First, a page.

After the global summit hosted by the U.S., Fletcher experts outline what remains to be done in the six months leading up to the next negotiations
President Joe Biden’s summit of world leaders last week was a significant step in re-invigorating global cooperation on climate change, experts from The Fletcher School said. But the bold goals of the event still must be translated into a detailed roadmap to reduce climate-damaging emissions and fund green development around the world.
“It was very important that the administration provided an ambitious target,” said Kelly Sims Gallagher, F00, F03, Fletcher academic dean and professor of energy and environmental policy, referring to the new U.S. goal of cutting fossil fuel emissions as much as 52% by 2030. “But now the question is, can they deliver?”
Gallagher was speaking as part of a virtual event, “Washington to Glasgow: Global Climate Diplomacy Over the Next Six Months,” held April 28 and moderated by Amy Myers Jaffe, the managing director of Fletcher’s Climate Policy Lab.
International delegates will be meeting in Glasgow in November for talks that are expected to be the most significant climate negotiations since the 2015 Paris conference, at which 196 parties signed a historic agreement to limit global warming.
Here are four takeaways from the discussion.
Nations need to cut emissions even more. China’s announcement that it will decrease its reliance on coal starting in 2030, accept an international agreement phasing out substances that are responsible for ozone depletion, and eliminate so-called “clean coal” from its list of projects eligible for financing through its green bonds (bringing it closer to global standards) was important, said Gallagher. An expert on China’s climate change policies, she directs Fletcher’s Climate Policy Lab and is co-director of the school’s Center for International Environment and Resource Policy.
“It’s a step in the right direction,” Gallagher said. But China—which is the world’s biggest emissions producer, followed by the United States—is saying it will keep increasing its use of coal until 2030, which means nine more years of growing emissions. “They probably could increase the ambition [to cut emissions faster] there a little bit more,” she said.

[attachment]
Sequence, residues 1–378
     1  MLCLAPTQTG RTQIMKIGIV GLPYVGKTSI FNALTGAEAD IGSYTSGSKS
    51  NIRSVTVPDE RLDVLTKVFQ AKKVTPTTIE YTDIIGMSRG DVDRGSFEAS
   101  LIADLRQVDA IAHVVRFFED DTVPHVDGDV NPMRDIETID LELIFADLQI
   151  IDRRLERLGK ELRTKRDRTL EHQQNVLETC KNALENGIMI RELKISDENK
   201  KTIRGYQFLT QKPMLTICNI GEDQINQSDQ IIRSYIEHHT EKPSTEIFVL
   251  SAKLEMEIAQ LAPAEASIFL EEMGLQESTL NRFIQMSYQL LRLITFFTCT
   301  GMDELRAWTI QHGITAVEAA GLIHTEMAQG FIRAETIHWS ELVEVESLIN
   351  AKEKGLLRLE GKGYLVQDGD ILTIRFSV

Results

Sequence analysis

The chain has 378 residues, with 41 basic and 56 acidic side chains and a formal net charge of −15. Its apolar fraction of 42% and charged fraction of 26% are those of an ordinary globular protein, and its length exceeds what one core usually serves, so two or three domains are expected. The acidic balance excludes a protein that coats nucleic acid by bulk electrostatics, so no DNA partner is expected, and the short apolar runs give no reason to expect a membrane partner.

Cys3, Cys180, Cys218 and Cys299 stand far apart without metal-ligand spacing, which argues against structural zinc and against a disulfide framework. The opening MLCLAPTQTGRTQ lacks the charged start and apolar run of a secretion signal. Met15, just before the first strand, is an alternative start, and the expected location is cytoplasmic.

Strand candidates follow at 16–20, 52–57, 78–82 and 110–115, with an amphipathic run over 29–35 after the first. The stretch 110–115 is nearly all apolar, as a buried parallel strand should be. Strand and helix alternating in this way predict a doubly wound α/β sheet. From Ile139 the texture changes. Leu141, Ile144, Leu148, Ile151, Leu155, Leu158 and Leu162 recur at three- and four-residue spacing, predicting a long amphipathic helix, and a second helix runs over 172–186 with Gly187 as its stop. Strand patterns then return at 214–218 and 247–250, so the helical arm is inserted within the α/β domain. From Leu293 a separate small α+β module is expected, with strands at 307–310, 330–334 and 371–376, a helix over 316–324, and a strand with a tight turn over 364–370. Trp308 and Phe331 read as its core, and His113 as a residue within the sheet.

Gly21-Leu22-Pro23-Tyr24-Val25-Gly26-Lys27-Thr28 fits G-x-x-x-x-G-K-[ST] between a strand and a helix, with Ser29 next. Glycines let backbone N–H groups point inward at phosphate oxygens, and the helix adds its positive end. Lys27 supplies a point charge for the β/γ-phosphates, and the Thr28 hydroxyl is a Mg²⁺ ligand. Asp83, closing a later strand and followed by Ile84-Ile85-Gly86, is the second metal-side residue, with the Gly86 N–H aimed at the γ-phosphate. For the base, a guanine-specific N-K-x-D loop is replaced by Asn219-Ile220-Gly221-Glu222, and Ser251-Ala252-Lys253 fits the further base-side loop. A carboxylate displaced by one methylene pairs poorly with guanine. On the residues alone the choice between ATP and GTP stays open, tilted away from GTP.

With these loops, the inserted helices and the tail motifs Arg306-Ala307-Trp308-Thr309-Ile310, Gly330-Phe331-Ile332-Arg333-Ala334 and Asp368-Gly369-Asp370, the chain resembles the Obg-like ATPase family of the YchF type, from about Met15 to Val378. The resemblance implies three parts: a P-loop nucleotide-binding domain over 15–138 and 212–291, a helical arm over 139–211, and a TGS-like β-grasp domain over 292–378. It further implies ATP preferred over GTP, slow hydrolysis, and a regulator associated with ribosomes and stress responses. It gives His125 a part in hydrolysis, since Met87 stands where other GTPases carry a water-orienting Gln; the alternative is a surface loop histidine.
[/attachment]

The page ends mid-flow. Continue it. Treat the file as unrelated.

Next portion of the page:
Diplomatic talks at several international conferences before the gathering in Glasgow—including meetings of the G7 and the G20—could help countries forge stronger agreements with bolder targets, said Fletcher Dean Rachel Kyte, F02, a climate advisor to the U.N. secretary-general whose career has focused on climate change and sustainable global energy solutions.
“Every country has to come with its nationally determined contribution [under the Paris Agreement], which has to have much more ambition in it,” she added. “There’s a ratcheting up.”
The world must guard against greenwashing. Lofty pledges that can’t be measured and claims that can’t be verified must be weeded out, Kyte and Gallagher said. To do this, nations should more clearly define standard terms—such as what constitutes a green investment—and monitor progress on goals such as reducing deforestation, using satellite technology when appropriate. Without clear enforcement, they said, net zero pledges are just empty slogans, as Kyte argued in a recent Washington Post op-ed.
“There is going to be a big push in the observers to watch for this in the next six months,” she said. “How do we know, if you’re saying you’re on the road to net zero, that you really are? Who will be the judge of that?”
Finance is key to success. Money must be committed to help nations reduce their fossil fuel emissions and adapt to a changing planet, Kyte and Gallagher said. The Biden administration is focusing on investing trillions of dollars in low-carbon infrastructure and Europe’s Green Deal makes similar investments, Gallagher said.
But developing nations also need funding to build clean, green infrastructure, and the question of where that funding will come from and how quickly will be a central focus of negotiations over the next six months.
“A big concern that developing countries have is that there isn’t going to be enough support for them, [particularly] countries from the Alliance for Small Island States, who really feel like their whole countries depend on us getting this right,” Gallagher said. “They may not be able to sustain a viable country altogether if sea level rise happens too fast for them to be able to take the measures that they need to take to protect their shorelines.”
The ravages of the COVID-19 pandemic must be addressed. A global vaccination campaign is vital to combat the inequities of the pandemic and will help set the stage for productive climate negotiations in the coming months, Kyte said.
Around the world, poor and marginalized populations suffer disproportionately from climate change’s worst effects, just as they have borne the brunt of the pandemic—even though they are not the major contributors to the problem of fossil fuel emissions.
If vaccines are not distributed more equitably, rich countries may recover more quickly from the global economic slowdown due to COVID-19, Kyte said. But wealthier nations have a “moral, political, and economic role” in ensuring a more equitable and sustainable recovery, she said: “We’re one planet and we need to come back greener.”
Heather Stephenson can be reached at email@example.com.